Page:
Loss of a Loved One

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Bayshore HealthCare resources loss of a loved one

Coping strategies after the loss of a loved one

The death of a parent or spouse can be overwhelming and it may feel as if your life has come to a standstill. If you have been a caregiver, it may be met with mixed emotions which are normal. You may be relieved that your parent or partner is no longer suffering but equally overwhelmed with a sense of loss. You may also feel guilt over feeling released from your caregiver role.

This major shift in lifestyle can make it easy for you to lose sight of your own health and wellness. As a caregiver, your days and nights may suddenly be quiet. Too quiet. It can be an adjustment that takes some time before you arrive at what will be your ‘new’ normal. Life will be different.

Coping strategies after the loss of a loved one

Here are some coping strategies from the Canadian Mental Health Association and, if needed, recommended next steps for further support:

  • Connect with caring and supportive people. This might include loved ones, neighbours, and co-workers. It could also include a bereavement support group or community organization.
  • Give yourself enough time. Everyone reacts differently to a loss and there is no normal grieving period.
  • Let yourself feel sadness, anger, or whatever you need to feel. Find healthy ways to share your feelings and express yourself, such as talking with friends or writing in a journal.
  • Recognize that your life has changed. You may feel less engaged with work or relationships for some time. This is a natural part of loss and grief.
  • Reach out for help. Loved ones may want to give you privacy and may not feel comfortable asking you how you’re doing, so don’t be afraid to ask for their support.
  • Holidays and other important days can be very hard. It may be helpful to plan ahead and think about new traditions or celebrations that support healing.
  • Take care of your physical health. Be aware of any physical signs of stress or illness, and speak with your doctor if you feel that your grief is affecting your health.
  • Stay active, make plans with friends and family, be mindful of your own health maintenance and appointments, accept help from others, recognize your capabilities and set goals accordingly.
  • Offer support to other loved ones who are grieving. Reaching out to others may be helpful in your own journey.
  • Be honest with young people about what has happened and about how you feel, and encourage them to share their feelings, too.
  • Work through difficult feelings like bitterness and blame. These feelings can make it harder to move forward in your life.
  • Make a new beginning. As the feelings of grief become less intense, return to interests and activities you may have dropped and think about trying something new.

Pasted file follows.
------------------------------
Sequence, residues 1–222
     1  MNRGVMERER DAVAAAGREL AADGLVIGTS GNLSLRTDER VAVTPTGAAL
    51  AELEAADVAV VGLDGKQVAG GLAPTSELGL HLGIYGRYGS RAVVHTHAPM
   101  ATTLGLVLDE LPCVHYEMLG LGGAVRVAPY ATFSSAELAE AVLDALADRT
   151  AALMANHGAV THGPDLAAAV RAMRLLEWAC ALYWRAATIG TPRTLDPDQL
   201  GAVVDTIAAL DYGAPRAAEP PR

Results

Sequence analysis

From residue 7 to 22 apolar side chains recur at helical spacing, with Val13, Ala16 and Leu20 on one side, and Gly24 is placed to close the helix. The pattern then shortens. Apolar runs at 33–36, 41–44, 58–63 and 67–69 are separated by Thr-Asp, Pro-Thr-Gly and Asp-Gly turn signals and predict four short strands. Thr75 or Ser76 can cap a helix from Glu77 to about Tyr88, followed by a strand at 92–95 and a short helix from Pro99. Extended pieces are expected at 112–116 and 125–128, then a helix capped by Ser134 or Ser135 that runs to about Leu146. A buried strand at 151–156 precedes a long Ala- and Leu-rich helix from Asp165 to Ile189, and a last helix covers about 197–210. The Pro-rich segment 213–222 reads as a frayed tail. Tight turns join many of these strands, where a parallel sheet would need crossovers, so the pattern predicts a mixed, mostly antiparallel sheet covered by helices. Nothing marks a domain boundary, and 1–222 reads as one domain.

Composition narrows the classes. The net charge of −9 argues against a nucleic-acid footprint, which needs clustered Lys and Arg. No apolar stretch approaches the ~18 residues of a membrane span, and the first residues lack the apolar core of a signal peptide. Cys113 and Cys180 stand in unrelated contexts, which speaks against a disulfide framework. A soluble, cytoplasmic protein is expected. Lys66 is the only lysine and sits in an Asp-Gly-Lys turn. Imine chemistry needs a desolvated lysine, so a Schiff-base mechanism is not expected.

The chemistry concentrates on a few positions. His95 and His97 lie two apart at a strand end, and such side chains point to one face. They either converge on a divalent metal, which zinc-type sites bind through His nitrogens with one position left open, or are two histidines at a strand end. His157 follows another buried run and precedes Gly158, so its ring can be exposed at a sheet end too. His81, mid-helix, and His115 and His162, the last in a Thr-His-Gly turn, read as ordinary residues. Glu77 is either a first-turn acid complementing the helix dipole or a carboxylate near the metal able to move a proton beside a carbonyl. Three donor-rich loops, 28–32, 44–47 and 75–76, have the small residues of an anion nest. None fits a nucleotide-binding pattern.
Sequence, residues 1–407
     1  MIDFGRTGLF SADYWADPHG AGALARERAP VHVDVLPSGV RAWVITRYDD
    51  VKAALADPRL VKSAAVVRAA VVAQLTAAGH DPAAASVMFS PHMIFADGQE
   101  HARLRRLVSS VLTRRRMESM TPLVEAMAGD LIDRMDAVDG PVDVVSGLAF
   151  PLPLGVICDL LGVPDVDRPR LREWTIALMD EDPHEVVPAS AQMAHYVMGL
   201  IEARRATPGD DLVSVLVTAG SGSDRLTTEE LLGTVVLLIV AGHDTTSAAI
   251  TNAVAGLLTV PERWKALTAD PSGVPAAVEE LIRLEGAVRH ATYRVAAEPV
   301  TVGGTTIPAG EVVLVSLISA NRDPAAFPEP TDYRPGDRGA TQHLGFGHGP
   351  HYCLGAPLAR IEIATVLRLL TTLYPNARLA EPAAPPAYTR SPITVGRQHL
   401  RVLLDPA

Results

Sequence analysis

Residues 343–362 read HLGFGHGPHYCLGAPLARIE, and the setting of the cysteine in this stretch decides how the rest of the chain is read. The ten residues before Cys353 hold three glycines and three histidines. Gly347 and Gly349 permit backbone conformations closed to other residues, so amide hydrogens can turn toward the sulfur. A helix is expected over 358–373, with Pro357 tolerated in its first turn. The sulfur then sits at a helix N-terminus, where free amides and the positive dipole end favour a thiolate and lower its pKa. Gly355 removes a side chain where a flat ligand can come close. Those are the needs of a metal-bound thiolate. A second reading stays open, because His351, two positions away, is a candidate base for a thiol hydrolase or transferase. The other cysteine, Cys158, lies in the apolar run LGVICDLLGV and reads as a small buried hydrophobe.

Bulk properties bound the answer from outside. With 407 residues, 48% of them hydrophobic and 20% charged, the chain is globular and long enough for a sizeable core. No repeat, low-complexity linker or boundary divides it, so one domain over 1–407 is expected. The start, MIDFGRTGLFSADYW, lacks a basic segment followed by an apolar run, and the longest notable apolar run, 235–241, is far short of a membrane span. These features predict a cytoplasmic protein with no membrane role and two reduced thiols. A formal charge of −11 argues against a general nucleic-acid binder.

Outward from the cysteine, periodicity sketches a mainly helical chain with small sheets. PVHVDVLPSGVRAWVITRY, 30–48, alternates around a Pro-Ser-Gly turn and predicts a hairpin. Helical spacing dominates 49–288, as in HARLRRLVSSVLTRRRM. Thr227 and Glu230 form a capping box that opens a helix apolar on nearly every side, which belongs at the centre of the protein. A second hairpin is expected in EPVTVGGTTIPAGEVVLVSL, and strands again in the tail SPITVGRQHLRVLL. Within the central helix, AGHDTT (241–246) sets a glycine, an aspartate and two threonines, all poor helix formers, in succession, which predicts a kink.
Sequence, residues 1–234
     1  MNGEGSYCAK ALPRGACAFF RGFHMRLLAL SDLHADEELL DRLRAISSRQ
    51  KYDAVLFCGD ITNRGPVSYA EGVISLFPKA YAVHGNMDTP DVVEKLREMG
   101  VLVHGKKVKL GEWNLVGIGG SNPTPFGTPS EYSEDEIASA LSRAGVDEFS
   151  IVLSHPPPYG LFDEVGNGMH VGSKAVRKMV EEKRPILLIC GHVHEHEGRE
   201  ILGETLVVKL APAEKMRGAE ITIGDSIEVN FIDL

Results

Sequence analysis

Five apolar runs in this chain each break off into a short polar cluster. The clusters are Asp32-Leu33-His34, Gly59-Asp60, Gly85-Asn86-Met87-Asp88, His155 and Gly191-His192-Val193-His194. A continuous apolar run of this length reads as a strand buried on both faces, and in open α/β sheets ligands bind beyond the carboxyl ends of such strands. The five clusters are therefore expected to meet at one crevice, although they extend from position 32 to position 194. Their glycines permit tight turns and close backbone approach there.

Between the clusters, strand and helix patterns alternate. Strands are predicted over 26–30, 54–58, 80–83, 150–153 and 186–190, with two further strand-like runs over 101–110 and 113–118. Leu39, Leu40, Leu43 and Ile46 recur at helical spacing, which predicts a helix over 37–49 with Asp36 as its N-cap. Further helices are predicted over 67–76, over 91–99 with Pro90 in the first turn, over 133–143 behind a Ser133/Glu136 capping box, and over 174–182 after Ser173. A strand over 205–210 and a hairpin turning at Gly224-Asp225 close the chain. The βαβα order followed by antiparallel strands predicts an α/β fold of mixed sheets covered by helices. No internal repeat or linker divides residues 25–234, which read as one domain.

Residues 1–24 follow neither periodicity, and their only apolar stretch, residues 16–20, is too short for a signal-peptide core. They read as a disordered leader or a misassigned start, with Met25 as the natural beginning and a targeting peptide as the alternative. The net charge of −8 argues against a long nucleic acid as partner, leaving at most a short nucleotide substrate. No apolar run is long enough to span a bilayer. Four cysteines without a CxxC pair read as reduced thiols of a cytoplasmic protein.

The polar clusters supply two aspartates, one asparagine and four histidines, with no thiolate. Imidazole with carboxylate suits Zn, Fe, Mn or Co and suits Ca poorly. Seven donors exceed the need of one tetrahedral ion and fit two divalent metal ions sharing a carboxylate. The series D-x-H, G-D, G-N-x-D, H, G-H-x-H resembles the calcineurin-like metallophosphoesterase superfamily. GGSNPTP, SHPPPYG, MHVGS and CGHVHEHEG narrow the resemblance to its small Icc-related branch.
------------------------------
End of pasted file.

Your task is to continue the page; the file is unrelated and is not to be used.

• Think about waiting before making major life decisions. You may feel differently as your feelings of grief lose their intensity, and the changes may add to the stress you’re already experiencing.

How can I help a loved one through their grief?

Perhaps your loved one is experiencing loss at the same time as you. Be supportive of them but also recognize your own stages of grief.

Here are some tips from the Canadian Mental Health Association on how to support your loved one:

Understand that a loved one needs to follow their own journey in their own way and express their feelings in their own way.

  • Ask your loved one what they need, and regularly remind them that you’re there for support if they aren’t ready to talk with others yet. Remember to offer practical help, too.
  • Talk about the loss. It’s common to avoid the topic and focus on a loved one’s feelings instead, but many people find sharing thoughts, memories, and stories helpful or comforting.
  • Remember that grief may be bigger than the loss. For example, someone who loses a partner may also experience a lot of fear or stress around financial security and other important matters.
  • Include your loved one in social activities. Even if they often decline, it’s important to show that they are still an important member of your community.
  • Help your loved one connect with support services if they experience a lot of difficulties.
  • Take care of your own well-being and seek extra help for yourself if you need it.

Other resources

It is important to recognize healthy coping mechanisms include a balanced diet, rest, exercise and socialization. You may also find comfort is joining a bereavement group to get support from other people who are at different stages of having experienced loss. Contact your local funeral home for referrals to bereavement groups in your area. Or call the local Canadian Mental Health Association office for additional referrals. Reach out to friends and family and, if necessary, ask your health care practitioner for a referral if you are feeling overwhelmed.

You can also reach out for home health care providers. If you find that you could use additional support, even temporarily, you may want to explore home care options from trusted providers. Here are a list of questions to take into consideration when searching for a home care provider.

And we can save you even further investigative effort by letting you know that Bayshore Home Health answers ‘yes’ to all of these questions! We offer a range of home care services that can assist you in getting through challenging times: personal care, companionship, meal preparation, medication reminder and housekeeping.

Prior to booking service with Bayshore, you will receive a free in-home consultation to access immediate needs, gather an understanding of your current health situation, and assess any possible risks in the home to ensure our home care services can be conducted in a safe manner.

Contact a Client Service Representative at 1-877-289-3997 or email clientservice@bayshore.ca to book your free consultation.